Figure 1: Schematic drawing of the vascular model. Saline in the reservoir was maintained at 37°C. It was continuously served through the vascular model at a rate of 50 cm/s into the main route and at 10 cm/s into the collateral route. The draining saline with the particles was collected at the distal end

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Clot preparation

We collected a whole blood sample from pig and created a white hard clot from its serum part and red soft clot from the rest of the sample [Figure 2]. Three–4 days before our experiment, we took arterial blood from the nonheparinized laboratory animal into two 40cc test tubes. After leaving it at room temperature for a half-day, we retained it in the refrigerating chamber at 4°C until the day before the experiment. We visually confirmed the whole blood was spontaneously separated into blood serum and a blood clot on the right before the day of the experiment. We did not use any anticoagulant nor centrifugal separator for this separation. We collected 3cc of the blood serum part with a syringe, added 0.15 ml of thrombin, which is commercially available Thrombin Liquid Mochida Soft Bottle 5000 (Mochida Pharmaceutical, Tokyo) containing 5000 units of thrombin per 5 cc, and kept it in a dish at 4°C to congeal over the night. On the experiment day, we moved the created white clot into a new clean dish as the white clot sample. We kept the rest part of the whole blood after serum collection in the refrigerator and used it as the red soft clot sample without adding any material or procedure. The white clot was prepared using plasma of whole blood by centrifuging it and added thrombin until coagulation. The red clot was prepared from precipitated blood cells and added thrombin until coagulation. Each piece of the clot setting in the vascular model was measured as 2.0 g using an accurate scale.

Endovascular procedures

We performed the following methods using the white and red clots three times in each group and have evaluated the successful retrieval of clot and calculation of particles;

A direct aspiration first pass technique

A SOFIA Flow Plus (Terumo, Tokyo, Japan) aspirator was navigated up to the proximal end of the clot using a coaxial Headway 21 microcatheter (Terumo). After beginning aspiration through a pump (Penumbra MAX pump; Penumbra, Almeda, CA, USA), the guiding balloon was inflated (modified A direct aspiration first pass technique [ADAPT]).[5] The SOFIA Flow Plus aspirator was withdrawn and retrieved into the guiding catheter. Then, the guiding balloon was deflated.

Stent-retrieving without proximal flow arrest by a guiding balloon (SR [B−])

A Solitaire Platinum 4 × 40 (Medtronic, Irvine, CA, USA) stent retriever was used through a Headway 21 microcatheter. The guiding balloon was not inflated during the procedure.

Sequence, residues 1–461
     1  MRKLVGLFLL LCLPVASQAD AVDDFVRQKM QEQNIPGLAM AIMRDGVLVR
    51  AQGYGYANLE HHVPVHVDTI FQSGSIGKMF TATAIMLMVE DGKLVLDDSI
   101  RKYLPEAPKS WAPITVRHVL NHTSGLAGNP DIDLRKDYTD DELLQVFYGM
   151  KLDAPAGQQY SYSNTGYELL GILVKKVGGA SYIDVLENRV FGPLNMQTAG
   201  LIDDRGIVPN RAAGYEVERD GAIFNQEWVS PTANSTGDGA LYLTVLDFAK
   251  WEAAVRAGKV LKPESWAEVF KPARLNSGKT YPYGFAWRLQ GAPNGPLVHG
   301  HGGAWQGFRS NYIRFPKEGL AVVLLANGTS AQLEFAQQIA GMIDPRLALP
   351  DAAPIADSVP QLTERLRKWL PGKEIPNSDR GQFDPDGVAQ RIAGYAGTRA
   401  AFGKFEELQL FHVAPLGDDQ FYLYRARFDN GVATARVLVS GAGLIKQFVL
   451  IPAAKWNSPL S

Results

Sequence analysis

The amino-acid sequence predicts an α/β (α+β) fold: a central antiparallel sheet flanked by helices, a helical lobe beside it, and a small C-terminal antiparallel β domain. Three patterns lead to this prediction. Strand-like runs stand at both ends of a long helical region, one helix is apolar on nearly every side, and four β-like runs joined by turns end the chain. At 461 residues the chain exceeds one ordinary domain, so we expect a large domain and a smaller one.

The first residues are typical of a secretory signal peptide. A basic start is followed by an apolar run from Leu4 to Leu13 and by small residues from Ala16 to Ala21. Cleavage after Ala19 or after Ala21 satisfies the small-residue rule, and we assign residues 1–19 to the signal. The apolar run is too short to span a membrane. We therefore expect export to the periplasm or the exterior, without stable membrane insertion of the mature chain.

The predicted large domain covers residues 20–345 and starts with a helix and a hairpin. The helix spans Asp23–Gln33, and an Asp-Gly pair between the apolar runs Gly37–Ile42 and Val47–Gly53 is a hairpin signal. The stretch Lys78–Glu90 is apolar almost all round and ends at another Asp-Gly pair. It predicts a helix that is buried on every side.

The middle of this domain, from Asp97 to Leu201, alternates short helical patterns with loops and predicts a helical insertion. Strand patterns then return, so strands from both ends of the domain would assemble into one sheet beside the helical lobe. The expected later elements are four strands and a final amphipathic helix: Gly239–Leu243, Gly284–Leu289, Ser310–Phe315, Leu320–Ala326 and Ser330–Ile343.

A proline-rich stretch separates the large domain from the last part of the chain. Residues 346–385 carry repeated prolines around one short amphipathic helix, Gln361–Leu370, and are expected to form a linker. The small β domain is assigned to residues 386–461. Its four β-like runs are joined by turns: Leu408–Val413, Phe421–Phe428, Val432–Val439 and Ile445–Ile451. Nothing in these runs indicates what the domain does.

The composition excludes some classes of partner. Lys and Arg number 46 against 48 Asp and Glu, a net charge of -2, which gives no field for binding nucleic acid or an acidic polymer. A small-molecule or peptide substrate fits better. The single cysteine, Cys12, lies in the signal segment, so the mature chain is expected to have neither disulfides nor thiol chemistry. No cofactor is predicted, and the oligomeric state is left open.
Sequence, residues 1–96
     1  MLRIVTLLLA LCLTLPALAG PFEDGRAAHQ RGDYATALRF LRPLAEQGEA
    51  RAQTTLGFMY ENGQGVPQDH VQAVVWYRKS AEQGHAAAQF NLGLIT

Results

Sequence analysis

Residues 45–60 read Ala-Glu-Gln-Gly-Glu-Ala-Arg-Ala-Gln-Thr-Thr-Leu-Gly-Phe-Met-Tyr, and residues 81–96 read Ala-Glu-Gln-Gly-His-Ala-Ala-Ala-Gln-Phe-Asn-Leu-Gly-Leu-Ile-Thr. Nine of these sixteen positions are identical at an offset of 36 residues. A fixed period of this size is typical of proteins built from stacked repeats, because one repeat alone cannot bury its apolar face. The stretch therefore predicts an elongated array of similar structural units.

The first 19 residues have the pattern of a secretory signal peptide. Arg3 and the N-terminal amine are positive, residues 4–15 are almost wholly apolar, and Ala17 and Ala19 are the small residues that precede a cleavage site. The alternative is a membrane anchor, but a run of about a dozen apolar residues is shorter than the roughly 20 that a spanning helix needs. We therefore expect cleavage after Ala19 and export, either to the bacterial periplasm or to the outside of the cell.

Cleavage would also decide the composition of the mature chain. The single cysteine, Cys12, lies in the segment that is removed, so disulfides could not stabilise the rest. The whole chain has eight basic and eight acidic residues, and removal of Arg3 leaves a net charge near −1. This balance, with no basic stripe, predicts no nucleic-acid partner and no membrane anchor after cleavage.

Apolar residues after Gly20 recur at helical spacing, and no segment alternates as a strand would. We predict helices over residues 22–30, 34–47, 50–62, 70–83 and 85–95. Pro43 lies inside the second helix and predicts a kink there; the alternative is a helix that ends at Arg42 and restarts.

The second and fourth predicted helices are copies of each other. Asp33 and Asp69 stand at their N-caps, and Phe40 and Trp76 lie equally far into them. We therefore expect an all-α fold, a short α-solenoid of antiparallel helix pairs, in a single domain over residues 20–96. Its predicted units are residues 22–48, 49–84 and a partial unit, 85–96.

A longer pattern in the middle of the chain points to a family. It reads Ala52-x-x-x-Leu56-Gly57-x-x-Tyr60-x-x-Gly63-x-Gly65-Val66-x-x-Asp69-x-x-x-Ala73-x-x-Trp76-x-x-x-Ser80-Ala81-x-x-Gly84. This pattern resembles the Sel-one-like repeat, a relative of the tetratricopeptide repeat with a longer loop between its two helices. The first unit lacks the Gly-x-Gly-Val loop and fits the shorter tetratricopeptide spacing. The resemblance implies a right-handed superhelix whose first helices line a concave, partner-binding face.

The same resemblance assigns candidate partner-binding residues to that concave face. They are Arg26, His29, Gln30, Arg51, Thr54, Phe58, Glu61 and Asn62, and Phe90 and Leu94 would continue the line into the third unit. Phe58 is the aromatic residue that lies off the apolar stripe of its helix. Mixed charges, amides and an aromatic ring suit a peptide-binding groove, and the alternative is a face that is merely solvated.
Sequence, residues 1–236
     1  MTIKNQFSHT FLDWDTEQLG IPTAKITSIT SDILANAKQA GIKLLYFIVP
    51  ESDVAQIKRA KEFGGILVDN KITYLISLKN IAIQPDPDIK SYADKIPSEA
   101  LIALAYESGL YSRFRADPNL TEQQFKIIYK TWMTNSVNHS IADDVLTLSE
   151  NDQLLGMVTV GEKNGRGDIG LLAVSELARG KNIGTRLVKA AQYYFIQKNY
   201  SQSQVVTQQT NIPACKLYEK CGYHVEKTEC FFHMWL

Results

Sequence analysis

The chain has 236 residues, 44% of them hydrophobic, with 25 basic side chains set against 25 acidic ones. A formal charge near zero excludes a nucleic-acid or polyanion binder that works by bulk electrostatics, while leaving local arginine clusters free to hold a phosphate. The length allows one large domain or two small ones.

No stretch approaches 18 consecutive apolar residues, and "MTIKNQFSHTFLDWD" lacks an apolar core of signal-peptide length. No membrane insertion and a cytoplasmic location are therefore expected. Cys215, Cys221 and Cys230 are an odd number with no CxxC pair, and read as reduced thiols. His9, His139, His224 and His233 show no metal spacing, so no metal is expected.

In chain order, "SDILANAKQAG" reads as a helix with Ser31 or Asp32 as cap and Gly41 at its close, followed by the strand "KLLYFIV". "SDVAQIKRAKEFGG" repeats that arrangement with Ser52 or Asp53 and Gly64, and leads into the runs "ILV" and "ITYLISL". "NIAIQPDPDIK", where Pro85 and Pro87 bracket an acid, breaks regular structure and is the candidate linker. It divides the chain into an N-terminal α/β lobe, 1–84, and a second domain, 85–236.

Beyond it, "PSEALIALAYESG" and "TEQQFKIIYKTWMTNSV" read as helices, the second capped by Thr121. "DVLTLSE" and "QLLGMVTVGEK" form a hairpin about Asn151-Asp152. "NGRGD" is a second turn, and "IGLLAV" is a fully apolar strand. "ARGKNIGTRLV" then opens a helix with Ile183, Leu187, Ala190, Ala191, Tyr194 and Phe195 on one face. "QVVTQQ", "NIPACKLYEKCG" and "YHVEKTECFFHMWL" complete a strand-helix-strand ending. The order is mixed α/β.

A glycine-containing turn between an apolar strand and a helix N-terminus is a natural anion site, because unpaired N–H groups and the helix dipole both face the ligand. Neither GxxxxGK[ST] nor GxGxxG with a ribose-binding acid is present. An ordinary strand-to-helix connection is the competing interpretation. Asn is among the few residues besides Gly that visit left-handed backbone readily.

Stent-Retrieving with proximal flow arrest by a guiding balloon (SR [B+])

The above-mentioned Solitaire and Headway 21 microcatheter were used here, but the guiding balloon was inflated before the stent was withdrawn. After retrieving the stent, the guiding balloon was deflated.

Aspiration-retriever technique for stroke

The SOFIA Flow Plus was coaxially used for navigating the Headway 21 microcatheter and the Solitaire 4 × 40. After deployment of the stent, the aspirator was advanced until the backflow of fluid from the proximal end of the system into the penumbra pump was stopped. Then, the guiding balloon was inflated. The Solitaire and SOFIA were withdrawn and retrieved together into the guiding catheter while maintaining the distance from the tip of the Solitaire to the tip of the SOFIA. After retrieving the stent and the aspirator, the guiding balloon was deflated.

A stent-retrieving into an Aspiration catheter with proximal balloon[2]

The same devices used for ARTS were used. Before the deployment of the stent, the proximal guiding balloon was inflated. Then, after stent deployment, the aspirator was advanced up to the approximate proximal end of the clot with aspiration through the pump. Next, the stent was retrieved into the aspirator at the local site. Then, the aspirator was withdrawn into the guiding catheter, after which the proximal balloon was deflated. The ASAP technique which involves a secured contact aspiration after the stent retriever failed due to escaping clot, which has an advantage over the Solumbra technique. Moreover, the vessel shift phenomenon looks lesser than simultaneous withdrawal both the stent and aspirator, such as simple stent-retrieving and ARTS.

Endpoints

The primary endpoints were assessed based on the risk of distal embolism according to the number of clot fragments in each procedure. The secondary endpoints were successful recanalization with each procedure using the different types of clot.

Statistical analysis